Clever travelers give the Healdsburg hubbub and prices the heave-ho but still have easy access to outstanding Dry Creek and Alexander Valley wineries from this modest, motel-like inn. Should you suddenly crave some upscale Healdsburg action, the town square is less than 10 miles away, and downtown Geyserville's tasting rooms and two worthy restaurants are less than a mile away.
YOU SHOULD KNOW Some guests find rooms facing the pool or the highway on the noisy side; to ensure a quieter stay, ask for a vineyard-view room in the rear.
Room categories range from queen rooms with one or two beds to king rooms and two king suites. All the rooms, done in pastels with deeper-tone accents, have refrigerators, coffee makers, and flat-screen TVs with satellite channels, and microwaves are provided upon request. Many rooms have fireplaces, and some have balconies. The Kitchen Suite has a king bed in the bedroom and a queen sofa bed in the living room; it and an off-site two-bedroom cottage are bookable only by calling the inn.
The king suites, each with a private entrance, occupy a separate building. Their lures include microwaves, fireplaces, whirlpool tubs, and vineyard and mountain views from two balconies.
The bathrooms in standard rooms have ceramic-tiled combination tubs and showers. Suites have larger and more stylish marble-tile bathrooms, all with jetted whirlpool tubs.
The lobby and check-in area though small is surprisingly inviting, with comfortable chairs, a fireplace, and quality coffee and teas available throughout the day. A computer and printer are available for guest use.
Between the main inn building and the Geyserville Grille, the rectangular pool, solar heated year-round, is large enough to get a reasonably good workout. The hot tub, also solar heated, is nearby.
The inn's rates don't include breakfast, but you can have breakfast and lunch on weekdays, brunch on weekends, and dinner nightly except Tuesday and Wednesday most of the year (closed additional days in winter). The ample breakfasts—French toast, pancakes, and various eggs Benedict options are among the stars—please patrons and locals. Expect crispy calamari, salads, pastas, wraps, burgers, and sandwiches for lunch, and some of the same plus brick chicken, pot roast, and other American standards for dinner.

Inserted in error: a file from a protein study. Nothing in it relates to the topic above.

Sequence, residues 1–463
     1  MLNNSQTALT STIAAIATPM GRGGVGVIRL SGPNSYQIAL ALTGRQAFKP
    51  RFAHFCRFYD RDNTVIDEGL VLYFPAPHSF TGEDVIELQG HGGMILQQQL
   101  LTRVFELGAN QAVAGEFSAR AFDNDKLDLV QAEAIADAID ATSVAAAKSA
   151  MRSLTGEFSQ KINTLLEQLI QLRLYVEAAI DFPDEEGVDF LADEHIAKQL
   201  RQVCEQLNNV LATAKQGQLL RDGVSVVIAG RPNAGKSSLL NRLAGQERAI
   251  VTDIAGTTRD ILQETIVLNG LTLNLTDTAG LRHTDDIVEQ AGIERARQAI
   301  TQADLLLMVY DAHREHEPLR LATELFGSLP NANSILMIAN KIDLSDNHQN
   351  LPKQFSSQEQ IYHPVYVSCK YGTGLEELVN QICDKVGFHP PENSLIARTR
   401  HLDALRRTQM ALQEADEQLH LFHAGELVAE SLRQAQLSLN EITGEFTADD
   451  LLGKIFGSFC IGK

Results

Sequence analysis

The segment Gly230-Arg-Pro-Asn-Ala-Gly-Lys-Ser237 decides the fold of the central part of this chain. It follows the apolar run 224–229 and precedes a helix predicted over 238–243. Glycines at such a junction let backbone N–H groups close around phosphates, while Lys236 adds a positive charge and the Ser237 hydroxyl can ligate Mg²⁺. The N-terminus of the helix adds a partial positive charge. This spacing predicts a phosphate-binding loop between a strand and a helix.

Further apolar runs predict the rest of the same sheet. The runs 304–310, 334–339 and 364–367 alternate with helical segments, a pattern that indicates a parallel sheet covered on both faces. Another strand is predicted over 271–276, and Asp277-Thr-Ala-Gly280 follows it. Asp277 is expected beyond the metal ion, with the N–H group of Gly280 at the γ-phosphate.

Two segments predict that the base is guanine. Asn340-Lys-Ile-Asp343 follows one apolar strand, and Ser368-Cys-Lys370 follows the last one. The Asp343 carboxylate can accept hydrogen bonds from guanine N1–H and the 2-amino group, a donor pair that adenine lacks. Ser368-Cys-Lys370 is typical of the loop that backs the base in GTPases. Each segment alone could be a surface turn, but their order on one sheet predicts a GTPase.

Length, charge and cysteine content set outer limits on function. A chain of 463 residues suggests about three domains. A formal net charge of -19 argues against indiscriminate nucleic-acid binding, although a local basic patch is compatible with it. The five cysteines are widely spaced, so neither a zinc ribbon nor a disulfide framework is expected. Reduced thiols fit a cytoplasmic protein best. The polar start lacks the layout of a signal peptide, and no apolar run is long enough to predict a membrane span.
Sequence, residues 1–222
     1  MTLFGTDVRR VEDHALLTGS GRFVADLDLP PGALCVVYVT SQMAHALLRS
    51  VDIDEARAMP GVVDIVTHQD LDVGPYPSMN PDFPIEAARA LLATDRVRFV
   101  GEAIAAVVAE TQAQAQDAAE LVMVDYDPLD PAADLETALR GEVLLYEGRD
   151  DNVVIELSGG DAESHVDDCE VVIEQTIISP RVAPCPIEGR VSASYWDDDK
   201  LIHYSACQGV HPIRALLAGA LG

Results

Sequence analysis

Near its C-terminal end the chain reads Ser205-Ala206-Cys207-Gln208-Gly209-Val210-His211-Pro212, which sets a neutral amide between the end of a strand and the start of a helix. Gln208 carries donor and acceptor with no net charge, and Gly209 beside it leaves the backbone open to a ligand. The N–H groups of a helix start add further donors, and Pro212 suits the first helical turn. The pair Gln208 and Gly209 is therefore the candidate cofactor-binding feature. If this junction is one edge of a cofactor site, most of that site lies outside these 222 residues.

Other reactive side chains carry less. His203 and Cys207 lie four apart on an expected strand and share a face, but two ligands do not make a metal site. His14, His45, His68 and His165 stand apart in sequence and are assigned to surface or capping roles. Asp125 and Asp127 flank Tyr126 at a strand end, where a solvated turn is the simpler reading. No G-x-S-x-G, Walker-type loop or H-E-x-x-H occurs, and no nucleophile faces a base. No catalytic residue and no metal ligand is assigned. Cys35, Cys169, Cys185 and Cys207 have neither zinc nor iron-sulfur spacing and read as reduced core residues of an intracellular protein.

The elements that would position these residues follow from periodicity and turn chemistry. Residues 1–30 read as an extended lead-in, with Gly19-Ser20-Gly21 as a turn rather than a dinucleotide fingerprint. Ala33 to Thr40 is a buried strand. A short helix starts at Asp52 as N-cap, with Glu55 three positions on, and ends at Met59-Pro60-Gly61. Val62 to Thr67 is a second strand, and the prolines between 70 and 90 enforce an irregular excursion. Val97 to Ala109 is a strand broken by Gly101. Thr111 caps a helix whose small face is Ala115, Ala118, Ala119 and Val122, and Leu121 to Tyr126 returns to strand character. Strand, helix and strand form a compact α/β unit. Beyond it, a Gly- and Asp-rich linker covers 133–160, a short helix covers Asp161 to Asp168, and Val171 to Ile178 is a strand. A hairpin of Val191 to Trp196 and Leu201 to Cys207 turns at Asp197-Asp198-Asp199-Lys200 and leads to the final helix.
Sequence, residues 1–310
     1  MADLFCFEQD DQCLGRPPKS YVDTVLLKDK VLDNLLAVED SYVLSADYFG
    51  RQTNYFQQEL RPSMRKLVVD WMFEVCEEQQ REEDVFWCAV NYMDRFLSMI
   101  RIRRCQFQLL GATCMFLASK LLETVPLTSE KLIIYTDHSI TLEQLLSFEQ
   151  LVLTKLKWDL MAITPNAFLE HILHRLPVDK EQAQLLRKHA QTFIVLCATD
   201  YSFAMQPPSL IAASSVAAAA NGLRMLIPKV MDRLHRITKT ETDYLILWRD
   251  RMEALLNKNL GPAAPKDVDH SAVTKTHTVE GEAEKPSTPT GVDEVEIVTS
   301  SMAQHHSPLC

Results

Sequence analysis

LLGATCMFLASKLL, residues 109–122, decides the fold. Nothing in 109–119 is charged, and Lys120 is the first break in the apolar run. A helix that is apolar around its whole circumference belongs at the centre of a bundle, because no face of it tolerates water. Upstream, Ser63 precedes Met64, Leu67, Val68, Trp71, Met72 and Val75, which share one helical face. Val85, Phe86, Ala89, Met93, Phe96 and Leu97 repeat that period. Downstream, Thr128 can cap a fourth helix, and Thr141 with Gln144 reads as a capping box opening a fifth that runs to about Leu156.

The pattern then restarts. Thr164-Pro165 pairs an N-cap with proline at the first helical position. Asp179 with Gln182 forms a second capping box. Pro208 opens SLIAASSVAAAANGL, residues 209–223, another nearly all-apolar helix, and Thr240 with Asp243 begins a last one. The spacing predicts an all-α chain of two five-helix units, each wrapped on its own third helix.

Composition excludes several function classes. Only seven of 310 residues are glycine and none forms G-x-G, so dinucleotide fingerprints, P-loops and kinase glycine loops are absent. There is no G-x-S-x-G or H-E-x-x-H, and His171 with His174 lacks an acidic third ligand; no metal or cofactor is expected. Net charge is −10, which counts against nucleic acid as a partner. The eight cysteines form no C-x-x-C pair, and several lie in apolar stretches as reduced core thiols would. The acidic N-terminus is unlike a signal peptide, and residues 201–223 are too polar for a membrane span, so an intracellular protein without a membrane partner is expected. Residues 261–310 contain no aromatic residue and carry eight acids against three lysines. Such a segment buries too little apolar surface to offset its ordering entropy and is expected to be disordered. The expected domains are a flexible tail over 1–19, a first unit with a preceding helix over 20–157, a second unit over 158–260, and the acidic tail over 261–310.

The Geyserville Grille, which has a full bar, pours many local wines and craft beers. It closes early, though, and isn't open on Tuesday and Wednesday evening.
The inn is just east of U.S. 101's Canyon Road exit on Highway 128 (aka Geyserville Avenue). Although you can walk to downtown Geyserville in 15 minutes, you'll likely want to drive to points farther afield. Sonoma County Transit Bus 60, which serves Geyserville from Cloverdale to the north and Healdsburg to the south, stops at Francis Ford Coppola Winery and other tasting rooms.
Pizzas pulled cooked in a wood-burning oven and several types of house-cured meats are the draws at Diavola Pizzeria and Salumeria (2-minute drive). Cookbook author and Iron Chef judge Domenica Catelli teamed up with her brother Nicholas to revive Catelli's (2-minute drive), their family's American-Italian restaurant, a Geyserville fixture that opened in the 1930s. Another popular spot for Italian: Rustic at Francis Ford Coppola Winery (8-minute drive), whose vineyard views make it a pleasant lunch venue.
Next door to Diavola (same ownership), the Geyserville Gun Club Bar & Lounge (2-minute drive), a long, skinny bar in Geyserville's Odd Fellows Building, wows locals and tourists with Sazeracs, Gibsons, and other classic cocktails. Nibbles include pickles, chicken wings, and fish crudos.
WHY WE LIKE IT
Within the Alexander Valley wine appellation and not far from Dry Creek Valley wineries, the inn is a fine getaway for lovers of northern Sonoma County wineries. Although not flashy, the well-maintained rooms are decorated with care, and the pool's a definite boon on hot summer days, of which there are many. Especially during the off-season, you can find excellent deals on discount-travel websites.